Tuesday, June 8, 2010
Stages of Revisions (How to get from "Utter Poo" to "I Love You!")
I started the page a day challenge with the idea that I could write a page a day with little problem. What's a single page, right? But while I'm page-wise ahead of the goal (24 days in, nearly 50 pages written), I haven't written every day. Sometimes, especially the weekends, the days slip away with family activities that do not revolve around access to a computer, and by ten at night when I sit down, I'm fried and tired, my brain can hardly put two thoughts together, and I know even if I struggle to get that page written, it's going to stink and I'm going to end up deleting it later anyway. So I'm still working on that grace thing.
Patti asked me a great question the other day that I thought I'd share here:
Question: When you finish this one will you let it sit and go write another or keep editing it?
Typically I'd respond with the agent-approved method: let it sit for a while.
But I've discovered there are different kinds of revisions; a hierarchy if you will. This is how the process goes down for me:
Stage One: (Other wise known as: "It's all utter poo") The first draft is done, and it ain't pretty. There are holes all over the place. Overwriting. Lack of description. Inconsistencies from where I changed the plot or a character or the time-line but put a note in the margin and kept going. Entire scenes that are out of place, or missing! I don't need to step away and give time here. I need to get back in while it's all still fresh and fix it. There's as much writing in this phase as rewriting. Then I spit-shine a little and hit the spell-check.
Stage Two: (Otherwise known as: "Rose-colored glasses anyone?") the major overhaul is done, and now it's starting to look pretty good. In fact, I think I'm attached to it. There are some darn good pieces of writing in here. Most of it looks great in fact. In fact, I think I'm brilliant! This is going to be a best seller!! Let's send it off to the crit group and await their glowing responses. (This is when it's a good time to take a few weeks away from the book while others read and comment. It's also a good time to start a new book and stock up on chocolate for when the crits start pouring in)
Stage Three: (Otherwise known as: "My writing partners are not evil; My writing partners are not evil...")The critiques come in and, after maybe three or four weeks away from the book, it's sheen has started to wash off a little. I want to deny deny deny, but as I read the crits, I realize with a sob: they are right. It's still not perfect. Closer, but not quite. I go through their comments line by line, plot by plot, advice by carefully worded advice, and fix it. I probably grumble a little. I probably defend my original choices to myself at first too, and then finally admit that they're right. Or not. The point is: I carefully consider each thing they've said.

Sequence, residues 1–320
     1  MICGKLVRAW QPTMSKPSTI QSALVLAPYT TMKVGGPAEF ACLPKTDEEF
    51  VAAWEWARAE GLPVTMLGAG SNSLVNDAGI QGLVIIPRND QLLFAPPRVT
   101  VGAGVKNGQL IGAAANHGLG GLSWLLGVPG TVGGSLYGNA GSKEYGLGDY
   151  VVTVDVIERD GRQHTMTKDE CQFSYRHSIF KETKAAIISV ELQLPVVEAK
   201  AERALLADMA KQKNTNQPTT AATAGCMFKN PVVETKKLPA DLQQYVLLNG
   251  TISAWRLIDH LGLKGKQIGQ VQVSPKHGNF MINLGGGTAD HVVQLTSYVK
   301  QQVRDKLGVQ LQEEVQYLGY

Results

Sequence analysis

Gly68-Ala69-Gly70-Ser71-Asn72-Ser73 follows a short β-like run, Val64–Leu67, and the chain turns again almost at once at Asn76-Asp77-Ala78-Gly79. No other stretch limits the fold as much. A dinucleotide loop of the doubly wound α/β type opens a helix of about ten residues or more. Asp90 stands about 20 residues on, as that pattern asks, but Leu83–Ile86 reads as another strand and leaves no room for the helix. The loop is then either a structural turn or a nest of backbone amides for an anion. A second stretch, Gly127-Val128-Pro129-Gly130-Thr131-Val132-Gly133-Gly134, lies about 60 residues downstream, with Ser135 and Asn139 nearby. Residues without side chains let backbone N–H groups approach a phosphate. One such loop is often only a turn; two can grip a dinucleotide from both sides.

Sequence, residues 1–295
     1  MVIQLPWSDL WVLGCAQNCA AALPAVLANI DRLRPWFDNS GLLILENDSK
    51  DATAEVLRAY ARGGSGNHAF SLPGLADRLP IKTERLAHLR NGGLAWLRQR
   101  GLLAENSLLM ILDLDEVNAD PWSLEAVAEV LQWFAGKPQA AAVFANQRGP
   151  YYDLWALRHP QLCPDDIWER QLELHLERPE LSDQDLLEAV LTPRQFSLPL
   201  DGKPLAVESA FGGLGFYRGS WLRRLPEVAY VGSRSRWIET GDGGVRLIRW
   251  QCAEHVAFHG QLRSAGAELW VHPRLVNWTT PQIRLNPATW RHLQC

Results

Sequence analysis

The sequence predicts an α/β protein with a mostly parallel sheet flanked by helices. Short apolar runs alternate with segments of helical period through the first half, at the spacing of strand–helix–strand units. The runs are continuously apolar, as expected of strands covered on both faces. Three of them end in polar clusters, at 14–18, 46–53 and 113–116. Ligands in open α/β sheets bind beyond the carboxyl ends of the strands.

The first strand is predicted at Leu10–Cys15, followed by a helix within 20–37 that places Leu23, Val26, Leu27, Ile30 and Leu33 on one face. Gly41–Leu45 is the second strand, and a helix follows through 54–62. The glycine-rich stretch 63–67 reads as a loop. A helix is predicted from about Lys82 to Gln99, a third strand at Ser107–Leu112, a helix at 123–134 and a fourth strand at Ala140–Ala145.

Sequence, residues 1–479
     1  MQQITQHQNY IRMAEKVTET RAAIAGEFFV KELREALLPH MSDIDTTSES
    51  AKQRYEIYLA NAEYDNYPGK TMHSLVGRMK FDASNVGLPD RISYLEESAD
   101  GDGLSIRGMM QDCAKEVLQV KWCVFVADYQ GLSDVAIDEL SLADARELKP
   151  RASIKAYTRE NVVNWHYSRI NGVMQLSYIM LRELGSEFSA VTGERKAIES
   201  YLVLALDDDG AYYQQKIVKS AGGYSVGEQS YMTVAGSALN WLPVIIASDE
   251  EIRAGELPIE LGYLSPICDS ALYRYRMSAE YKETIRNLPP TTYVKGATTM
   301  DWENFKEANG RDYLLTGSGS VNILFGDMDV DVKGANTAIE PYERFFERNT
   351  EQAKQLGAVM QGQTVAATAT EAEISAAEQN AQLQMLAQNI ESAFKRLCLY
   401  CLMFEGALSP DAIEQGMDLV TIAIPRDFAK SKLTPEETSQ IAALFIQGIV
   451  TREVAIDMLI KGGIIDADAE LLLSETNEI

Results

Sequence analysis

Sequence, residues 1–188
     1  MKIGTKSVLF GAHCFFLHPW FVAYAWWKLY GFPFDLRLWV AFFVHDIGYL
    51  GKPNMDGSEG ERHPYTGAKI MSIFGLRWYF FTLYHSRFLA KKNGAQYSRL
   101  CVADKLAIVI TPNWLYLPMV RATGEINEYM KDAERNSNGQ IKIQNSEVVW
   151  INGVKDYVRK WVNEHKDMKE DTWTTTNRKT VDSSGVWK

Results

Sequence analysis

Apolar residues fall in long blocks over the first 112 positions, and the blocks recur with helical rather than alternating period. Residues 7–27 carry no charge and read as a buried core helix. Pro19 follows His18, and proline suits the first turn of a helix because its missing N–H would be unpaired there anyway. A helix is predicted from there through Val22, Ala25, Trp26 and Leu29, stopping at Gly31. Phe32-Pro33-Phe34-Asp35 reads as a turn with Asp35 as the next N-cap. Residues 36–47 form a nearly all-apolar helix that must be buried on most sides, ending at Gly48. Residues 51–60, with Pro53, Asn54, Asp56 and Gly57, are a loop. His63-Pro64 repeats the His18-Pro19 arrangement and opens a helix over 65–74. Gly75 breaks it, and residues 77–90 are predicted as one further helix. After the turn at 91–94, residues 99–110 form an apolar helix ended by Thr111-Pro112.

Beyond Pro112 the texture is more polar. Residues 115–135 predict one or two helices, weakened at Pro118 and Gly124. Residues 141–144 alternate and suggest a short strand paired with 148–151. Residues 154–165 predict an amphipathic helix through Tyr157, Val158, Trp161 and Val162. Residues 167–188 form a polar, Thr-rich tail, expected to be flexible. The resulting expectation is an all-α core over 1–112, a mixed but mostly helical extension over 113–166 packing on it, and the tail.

Stage Three and a half: (Otherwise known as "Please Love Me") If there has been any major changes, I might send snips of them back to the crit group to see if they think it's better. At this point, I'm not looking for new crits. I just ask them to read to see if I fixed whatever it was that they thought was missing or deficient. This section might be a paragraph, or a small section of dialogue.
Stage Four: (Otherwise known as "Fine tuning isn't just for pianos")I've now completed the bigger things. I go back through for the smaller things. Typos. Punctuation. Grammar. Spelling. Essentially, I copy-edit. Sometimes I make changes here too. Things that I thought were clear because I heard them in my head but now, after time away, I see were not that clear. But mostly, I clean up. And I make sure I think it's ready to go.
So the question is: will I wait when I finish before I dive into revisions, and the answer this time is no. I'm still at the utter poo stage. There are ideas written all over my margins; there are scenes I know I'm missing but can't figure how to fit in; there are scenes that are out of place. I need to fix these before I lose them to my cluttered and foggy brain. When I know stuff is wrong, I need to get at 'em before the rose colored glasses cloud my vision.
Hopefully by the end of the summer I'll be ready to send it out to my group. Even better, by end of summer maybe I'll be getting it back from my group and begin the last stages.
The truth is, too, that no matter how much time goes by, it's never enough. I'd finished and revised my first novel to death more than a year before I received the galley proofs to go over copy-edits, and even then, I wished I'd written things differently. I hope that's because in the meantime, I became a better writer.
How do you approach revisions?